There's absolutely nothing wrong with thinking you're good at something.  There's a whole steaming pile of things wrong with thinking you're better than everyone else and should be worshipped as some kind of hero.  Thinking you're above people, thinking you're too good to have to bother with basic decency and manners, or that everyone should fall over themselves to do your bidding... That doesn't make you a hero.  That, my friends, makes you an arsehole.

Arrogance is irritating.  It's probably my number one turn-off in a prospective partner and it's something guaranteed to make me balk at the idea of having to spend any length of time with a person.  But above all, arrogance is stupid.  It's utterly, ridiculously stupid.  And because I'm someone with half an hour to spare, I'm going to explain why.

Look at yourself in the mirror.  The image you see reflected back might be gorgeous.  You might think you're the sexiest creature ever to walk the Earth.  But you are a human.  And humans, ladies and gentlemen, are massively flawed and often incredibly dumb.

Oh, sure, we've sent rockets to the moon, we've created amazing methods of travel and we've developed cures for diseases that would otherwise kill us.  But make no mistake about it, none of us is perfect.

Take me, for example.  I have an uncanny ability to trip over thin air.  I talk to inanimate objects.  The other day, I made myself a cup of tea and then tried to put the kettle in the fridge, instead of the milk.  I really don't have any grand ideas of perfection, because... Well, duh.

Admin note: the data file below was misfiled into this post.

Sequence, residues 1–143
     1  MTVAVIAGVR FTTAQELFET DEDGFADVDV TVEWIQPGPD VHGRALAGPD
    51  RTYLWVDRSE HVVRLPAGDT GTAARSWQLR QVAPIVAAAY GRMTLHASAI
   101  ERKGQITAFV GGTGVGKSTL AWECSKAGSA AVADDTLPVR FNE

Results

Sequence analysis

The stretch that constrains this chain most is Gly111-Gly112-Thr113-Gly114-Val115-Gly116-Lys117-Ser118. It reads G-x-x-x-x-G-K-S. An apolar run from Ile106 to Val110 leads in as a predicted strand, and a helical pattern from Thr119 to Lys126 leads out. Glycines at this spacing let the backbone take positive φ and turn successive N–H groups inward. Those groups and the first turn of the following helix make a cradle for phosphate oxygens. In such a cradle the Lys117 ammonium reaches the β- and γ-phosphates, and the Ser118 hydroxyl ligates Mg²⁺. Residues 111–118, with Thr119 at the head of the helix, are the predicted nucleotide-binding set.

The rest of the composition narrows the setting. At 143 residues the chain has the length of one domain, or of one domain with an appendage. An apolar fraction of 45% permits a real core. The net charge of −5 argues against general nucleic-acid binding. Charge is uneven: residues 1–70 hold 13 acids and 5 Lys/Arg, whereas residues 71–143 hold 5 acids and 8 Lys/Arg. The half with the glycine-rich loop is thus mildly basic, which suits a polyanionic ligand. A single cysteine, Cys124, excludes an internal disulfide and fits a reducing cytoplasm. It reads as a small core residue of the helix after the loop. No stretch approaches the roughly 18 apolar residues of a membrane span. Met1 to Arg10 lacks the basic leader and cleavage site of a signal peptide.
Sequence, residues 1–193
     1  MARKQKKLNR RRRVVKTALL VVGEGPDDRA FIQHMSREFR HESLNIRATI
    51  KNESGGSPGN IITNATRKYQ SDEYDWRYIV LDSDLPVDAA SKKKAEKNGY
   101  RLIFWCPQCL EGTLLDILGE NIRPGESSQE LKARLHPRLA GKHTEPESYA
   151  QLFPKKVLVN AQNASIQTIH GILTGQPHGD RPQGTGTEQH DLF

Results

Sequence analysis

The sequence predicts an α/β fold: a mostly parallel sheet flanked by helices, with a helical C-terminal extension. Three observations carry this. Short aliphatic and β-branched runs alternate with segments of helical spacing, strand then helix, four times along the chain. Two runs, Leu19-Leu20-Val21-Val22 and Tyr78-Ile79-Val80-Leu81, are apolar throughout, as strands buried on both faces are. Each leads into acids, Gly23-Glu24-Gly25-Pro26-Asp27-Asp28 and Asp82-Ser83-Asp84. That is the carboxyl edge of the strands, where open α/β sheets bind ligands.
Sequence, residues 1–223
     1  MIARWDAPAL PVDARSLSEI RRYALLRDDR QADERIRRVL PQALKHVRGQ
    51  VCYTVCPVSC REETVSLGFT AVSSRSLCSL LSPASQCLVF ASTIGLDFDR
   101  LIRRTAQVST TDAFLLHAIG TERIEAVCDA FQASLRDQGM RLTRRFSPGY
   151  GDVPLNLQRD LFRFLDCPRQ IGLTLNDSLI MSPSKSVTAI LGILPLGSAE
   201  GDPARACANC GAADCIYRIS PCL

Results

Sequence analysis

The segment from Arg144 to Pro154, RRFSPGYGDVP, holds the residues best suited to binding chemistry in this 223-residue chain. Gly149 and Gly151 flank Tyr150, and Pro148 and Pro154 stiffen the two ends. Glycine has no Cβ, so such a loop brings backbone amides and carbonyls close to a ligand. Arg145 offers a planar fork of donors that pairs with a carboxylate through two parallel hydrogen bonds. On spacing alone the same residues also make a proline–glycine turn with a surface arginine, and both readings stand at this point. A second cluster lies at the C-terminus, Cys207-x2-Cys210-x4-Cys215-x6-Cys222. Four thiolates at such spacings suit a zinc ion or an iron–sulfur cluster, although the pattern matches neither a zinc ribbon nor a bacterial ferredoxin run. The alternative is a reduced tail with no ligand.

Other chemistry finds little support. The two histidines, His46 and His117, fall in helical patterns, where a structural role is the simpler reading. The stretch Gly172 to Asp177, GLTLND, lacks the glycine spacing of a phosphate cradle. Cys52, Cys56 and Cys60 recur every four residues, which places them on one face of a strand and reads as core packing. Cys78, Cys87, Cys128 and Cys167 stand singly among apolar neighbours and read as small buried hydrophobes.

The idea of being so cocky that you think you're constantly right, constantly gorgeous and constantly better than anyone else is bloody hysterical.  Rest assured, if you're arrogant, I am laughing at you.  I will forever be laughing at you.  Because you are being unintentionally hilarious.

You are no better than anyone else.  You bleed the same colour as the rest of us.  You will suffer the same human foibles that we all do.  

You'll feel a compulsion to touch something with a "warning: HOT" sticker on it.  You know, just to be sure (see also: "WET PAINT" signs).

Every now and then, you'll pull a door that has "PUSH" written on the handle.  Then, you'll have to decide whether to try to brush the incident off, or whether you'll do the elaborate "haha, look at me, silly thing" routine, as though you did it on purpose because you are intentionally funny..

Once in a while, despite being a fully functioning human, you'll accidentally bite the insides of your own mouth.  Or, during a meal, you'll inadvertently attempt to chew your own tongue.

You will, at some point, find it almost impossible to open a bin bag and will find yourself wrestling with a seemingly sealed shut rectangle of plastic.  You will almost certainly swear at it, as though that will help in the situation.